Home » Fitness » ‘How I Healed My Relationship With Fitness During The Pandemic’: Reflections On A Year Of Home Workouts
‘How I Healed My Relationship With Fitness During The Pandemic’: Reflections On A Year Of Home Workouts
About a year ago now, the high-intensity training gym I took classes and coached at in New Jersey shut its doors for what I expected would be a few weeks as the novel coronavirus pandemic started to sweep across the United States.
Up until that very last day, I walked into that gym at 5:45 a.m. just about every morning, chatting with my fellow early-birds about how sore we were from the day before while foam rolling and starting to warm up for the workout ahead.
To say I was regimented would be an understatement. I grew up swimming competitively, so training daily (and hard) seemed pretty much woven into my very identity. For years, I took a “go hard or go home” approach to moving my body. No day felt truly complete if it didn’t involve a good sweat—and though I developed a deep love for yoga in my early 20s, I never maintained a consistent practice. As much as I wanted to get on the mat, the weights and HIIT sessions overpowered yoga’s gentle call with their promises of sweat, satisfaction, and six-packs.
When the pandemic rolled around and stopped my go-go-go mentality in its tracks, I had all but deadlifted, sprinted, and burpee-d myself into the ground. In the name of the hustle culture that most certainly applies to fitness, I had fallen completely out-of-touch with my body.
How could I miss out on the camaraderie of commiserating with my gym friends during a particularly brutal circuit? Was I really going to leave my husband hanging for our gym’s weekly partner workout? Who was I without the dedication to sweat that had become such a big part of my sense of self? These questions had kept me showing up for early-morning HIIT classes when a voice deep within me just wanted to stretch.
When the pandemic took my usual routine completely off the table, though, I had no choice but to sit with the tightness in my shoulders that I typically ignored and acknowledge that my body was tired. In fact, my body had been tired for months, but I had been so convinced that I knew better than it—and so emotionally and mentally hooked on the sense of accomplishment, stress-relief, and self-worth that I’d come to rely on tough workouts for—that I ignored it.
Throughout those first few weeks and months of lockdown last Spring, as the pandemic continued to ramp up and any sense of normalcy crumbled, stressing about falling out of my workout routine became so stressful in itself that I couldn’t keep it up; not on top of worrying about the health and safety of my family and watching people argue over toilet paper at the supermarket.
Slowing Down (Like, Way Down)
Without a ton of workout equipment at home or the desire to do much beyond get through the day, like many others, I took to walking.
Sometimes three times a day, I laced up my shoes, donned a mask, and strolled or trudged (it varied) through the park near my apartment. Listening to the birds chirp and watching the flowers bloom as usual around me brought an overwhelming sense of calm, reminding me that the world still turned, resilient as could be.
My walks quickly became my way of finding peace amidst chaos—but, over time, they transformed into so much more. Not only did this gentle movement quiet my mind, but it left my body feeling refreshed and energized, instead of sore and depleted.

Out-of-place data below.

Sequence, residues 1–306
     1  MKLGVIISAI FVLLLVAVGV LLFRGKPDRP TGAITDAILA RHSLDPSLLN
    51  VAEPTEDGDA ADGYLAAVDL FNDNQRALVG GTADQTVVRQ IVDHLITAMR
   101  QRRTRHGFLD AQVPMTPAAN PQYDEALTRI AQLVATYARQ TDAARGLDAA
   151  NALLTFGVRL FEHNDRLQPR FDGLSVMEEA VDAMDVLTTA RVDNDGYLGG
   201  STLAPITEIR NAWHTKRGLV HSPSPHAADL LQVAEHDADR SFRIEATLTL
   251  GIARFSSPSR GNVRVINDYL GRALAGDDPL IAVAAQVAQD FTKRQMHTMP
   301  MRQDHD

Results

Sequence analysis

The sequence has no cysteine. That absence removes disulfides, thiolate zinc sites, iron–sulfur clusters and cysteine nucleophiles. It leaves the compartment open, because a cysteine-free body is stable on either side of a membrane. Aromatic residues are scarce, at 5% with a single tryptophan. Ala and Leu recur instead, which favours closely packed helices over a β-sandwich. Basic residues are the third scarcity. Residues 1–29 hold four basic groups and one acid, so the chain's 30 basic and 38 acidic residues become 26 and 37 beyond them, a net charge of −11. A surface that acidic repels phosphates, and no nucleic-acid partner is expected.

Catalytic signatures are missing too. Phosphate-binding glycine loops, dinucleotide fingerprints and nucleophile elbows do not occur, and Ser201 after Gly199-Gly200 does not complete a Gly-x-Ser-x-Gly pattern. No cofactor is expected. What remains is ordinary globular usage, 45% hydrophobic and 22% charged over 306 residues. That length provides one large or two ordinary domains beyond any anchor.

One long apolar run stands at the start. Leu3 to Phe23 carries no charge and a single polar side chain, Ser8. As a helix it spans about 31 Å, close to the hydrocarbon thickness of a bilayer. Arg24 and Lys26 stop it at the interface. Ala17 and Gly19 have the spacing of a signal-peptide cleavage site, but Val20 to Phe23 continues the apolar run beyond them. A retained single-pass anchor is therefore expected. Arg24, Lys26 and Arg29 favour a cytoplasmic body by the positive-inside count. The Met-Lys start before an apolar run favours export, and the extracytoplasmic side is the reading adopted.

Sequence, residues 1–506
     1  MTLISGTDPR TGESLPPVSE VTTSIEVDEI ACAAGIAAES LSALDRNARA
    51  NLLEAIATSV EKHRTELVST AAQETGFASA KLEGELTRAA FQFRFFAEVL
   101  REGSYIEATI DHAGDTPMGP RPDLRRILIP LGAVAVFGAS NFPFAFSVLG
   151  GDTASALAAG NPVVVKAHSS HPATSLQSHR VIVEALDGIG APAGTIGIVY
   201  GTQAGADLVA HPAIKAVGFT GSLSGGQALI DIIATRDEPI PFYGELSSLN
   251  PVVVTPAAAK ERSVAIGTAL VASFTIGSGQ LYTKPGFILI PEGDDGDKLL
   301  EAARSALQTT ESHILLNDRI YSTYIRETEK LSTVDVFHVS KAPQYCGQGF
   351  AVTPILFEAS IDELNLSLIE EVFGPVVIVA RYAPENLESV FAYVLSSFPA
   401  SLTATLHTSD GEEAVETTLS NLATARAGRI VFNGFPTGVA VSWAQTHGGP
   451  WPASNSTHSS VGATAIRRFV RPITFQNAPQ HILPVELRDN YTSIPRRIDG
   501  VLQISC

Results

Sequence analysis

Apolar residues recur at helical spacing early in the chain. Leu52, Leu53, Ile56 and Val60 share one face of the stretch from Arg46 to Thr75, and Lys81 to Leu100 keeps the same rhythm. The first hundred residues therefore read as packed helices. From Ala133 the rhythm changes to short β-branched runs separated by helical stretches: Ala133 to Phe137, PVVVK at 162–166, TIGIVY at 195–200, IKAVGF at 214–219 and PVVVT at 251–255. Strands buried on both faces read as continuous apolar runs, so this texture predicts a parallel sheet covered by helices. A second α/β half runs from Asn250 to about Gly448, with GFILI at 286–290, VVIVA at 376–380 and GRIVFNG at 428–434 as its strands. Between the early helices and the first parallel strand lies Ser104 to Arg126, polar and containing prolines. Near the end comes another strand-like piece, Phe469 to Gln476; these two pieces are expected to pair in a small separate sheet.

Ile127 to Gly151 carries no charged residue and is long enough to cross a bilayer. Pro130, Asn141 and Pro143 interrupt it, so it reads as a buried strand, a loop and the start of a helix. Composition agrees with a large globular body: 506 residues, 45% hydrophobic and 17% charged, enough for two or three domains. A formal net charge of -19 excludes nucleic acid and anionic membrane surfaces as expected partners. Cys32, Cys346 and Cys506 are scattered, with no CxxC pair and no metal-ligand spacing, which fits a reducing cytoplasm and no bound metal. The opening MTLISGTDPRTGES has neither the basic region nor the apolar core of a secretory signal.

Again, my body was trying to tell me something. But now, unlike in the past, I was all ears. The long and short of it: My body wanted to move (perhaps needed to move)—and that movement would make me feel happier, more accomplished, and even more human, as long as I truly let my body lead the way and listen to its increasingly-clear signals about when to push, when to run, when to play, and when to rest.
For the first time since I started swimming back in middle school, I felt free of the idea that I “had” to do any sort of workout on a given day.
Redefining My Routine
As this perspective shift began to overtake the narratives and ideas about fitness I’d long bought into, magic started to spark.
When, a good six months into lockdown, my husband and I finally started accumulating some home workout gear (including a few sets of dumbbells, some resistance bands, and a sandbag), I was excited to start challenging myself. As I dropped into my very first goblet squat, I practically squealed with joy, a feeling I realized I’d totally deprived myself of by grinding so hard pre-pandemic.
From that moment on, I understood that I could treasure the sense of achievement and satisfaction that comes with lifting my heaviest weight yet or cranking out a new pushup record and also respect that my body also needs rest, recovery, and nourishment—and that the number of burpees I can do or how hard I can push myself have nothing to do with who I am as a person.
A post shared by Lauren Del Turco, CPT (@laurendelturco)
For almost a year now, I’ve gone easy on myself (both in terms of workouts and self-talk). Some weeks, I do nothing but stroll around the block; others, I hit the weights almost every day.
In untangling my workout routine from my sense of self and letting go of the ideas I once had about how I thought my body should look and perform, I finally found the healthy balance of movement that makes me feel my best.
And now, after a year of approaching exercise with flexibility and grace, I’m more grateful than ever for what my body can do, have more fun when I do choose to push myself, and have finally (I mean finally) gotten that yoga practice to stick.